Many of you know that I love using children’s literature in my music classroom.  There is so much rich language, rhythm, texture and timbres to be drawn from children’s stories. Every year, I look for the new stories that lend themselves for music instruction.  Here are a few of my favorite children’s stories for elementary music for this spring!


The Listening Walk by Paul Showers
This is sweet story about building a child’s awareness of sounds around them.  As the little girl takes her daily walk with her father, she identifies all of the different sounds around her.  How often we dismiss the sound around us as noise, but this girl hears the beauty of each sound.  I love to read this to my students and ask them to get quiet and identify the sounds in our room.  Even better, take your students on a listening walk through the school or around the school.  Ask them to listen actively and identify sounds around them.  If you want to take it one step further, ask your students to identify two or three sound they heard and notate the sound they heard.  I have a “Listening Walk” worksheet that they use to write, draw, describe their sounds.  After they notate their sounds, I ask each child to perform one sound they heard (e.g. drip, drip, drip) and to repeat it.  We layer 3-4 sounds on top of each other talk about what we heard.  Then we try different combinations of sounds in small groups and perform them for one another.  It’s a great way to build awareness of the sounds/music around us and to introduce texture and layers!

Five Green and Speckled Frogs illustrated by Constanza Basaluzzo
I end Kindergarten and First Grade music class with a song story.  A song story is exactly as it sounds.  It’s a folk song that has been illustrated.  Simple, right?  My K-1 classes are 40 minutes in length.  It’s a long instructional period for little ones.  We sing, chant, move, play improvise, but by the last 5-10 minutes, my students are done.  So we end class with a song story.  I’ve never met a student who didn’t love being read to – I just take it one step further and sing it instead of read it. 

Jump, Frog, Jump! by Robert Kalan

This is such a lovely, sequential story with a repetitive line – “jump, frog, jump!”  I begin by simply reading the story to my students.  Each time “jump, frog, jump” occurs, we sing it using a “do-sol-do” response. The second class, I read the story again and we identify the solfege of the response.  I also introduce the Orff instruments that we’re going to use to transfer our singing part to instruments.  It’s not the first time on the instruments, so a quick review of how to hold mallets and play the instruments is all that is required.  The third class, the students come to a xylophone with a partner.  One partner plays while another observes.  We transfer the “jump, frog, jump” to the bars D and A.  The students practice playing the “do-sol-do” pattern on the bars several times.  Then I retell the story with the students playing the response instead of singing it.  At the end of the story, the person playing teaches the partner every thing they need to know to play, and we retell the story with the second partner.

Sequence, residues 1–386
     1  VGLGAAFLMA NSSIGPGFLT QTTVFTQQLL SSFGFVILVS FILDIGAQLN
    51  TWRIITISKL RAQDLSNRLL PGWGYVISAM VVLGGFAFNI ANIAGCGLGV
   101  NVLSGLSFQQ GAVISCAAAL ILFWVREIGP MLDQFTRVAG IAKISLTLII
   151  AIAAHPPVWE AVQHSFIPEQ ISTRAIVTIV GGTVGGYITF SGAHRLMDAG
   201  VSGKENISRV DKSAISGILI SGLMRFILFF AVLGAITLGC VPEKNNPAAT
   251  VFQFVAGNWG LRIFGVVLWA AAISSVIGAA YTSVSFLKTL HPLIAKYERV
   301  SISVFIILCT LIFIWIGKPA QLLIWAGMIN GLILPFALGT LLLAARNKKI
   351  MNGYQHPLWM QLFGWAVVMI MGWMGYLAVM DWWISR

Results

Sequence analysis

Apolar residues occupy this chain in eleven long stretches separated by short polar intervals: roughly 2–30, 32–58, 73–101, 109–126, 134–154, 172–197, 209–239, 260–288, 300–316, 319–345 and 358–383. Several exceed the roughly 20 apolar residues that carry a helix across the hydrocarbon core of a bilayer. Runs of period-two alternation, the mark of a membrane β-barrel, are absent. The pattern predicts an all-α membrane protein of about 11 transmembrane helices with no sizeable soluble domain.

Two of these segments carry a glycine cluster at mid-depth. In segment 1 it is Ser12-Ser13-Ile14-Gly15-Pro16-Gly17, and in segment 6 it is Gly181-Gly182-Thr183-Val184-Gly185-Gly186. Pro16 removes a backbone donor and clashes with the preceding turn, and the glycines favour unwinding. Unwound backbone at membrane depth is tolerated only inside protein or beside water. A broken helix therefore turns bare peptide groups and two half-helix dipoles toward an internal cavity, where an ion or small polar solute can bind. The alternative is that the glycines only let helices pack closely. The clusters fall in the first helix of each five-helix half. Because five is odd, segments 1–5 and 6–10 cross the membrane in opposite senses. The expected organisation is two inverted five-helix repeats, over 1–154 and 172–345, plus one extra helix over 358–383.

Marsh Music by Marianne Berkes (instrument exploration, environmental sound)
Do you have a collection of frog and cricket rasps in your room?  And you never quite know what to do with them?  Me too!  I stumbled across this story a few years ago and used it in a music enrichment class.  We used all of our scraper instruments to recreate all the different sounds of the marsh.  I do read the story to students, but I primarily use the pictures to retell/recreate the story musically.  To add to the story, I bought 10 bunches of faux marsh grass at Michaels.  I think each was 57 cents.  The neat thing about the grass is that when students gently shake it, it adds another texture to the sound composition.  The kids love trying all of the different scraper instruments in the music room and creating their own “Marsh Music.”

Listen to the Rain by Bill Martin Jr. and John Archambault 
This is hands down my favorite story to use in the music room!  It’s such a great story to read for mallet readiness and dynamics.  I love it so much that I turned my activity into a product for TpT!  You can check it out here!

Do you have a favorite children’s book for spring?  Tell me what it is in the comments!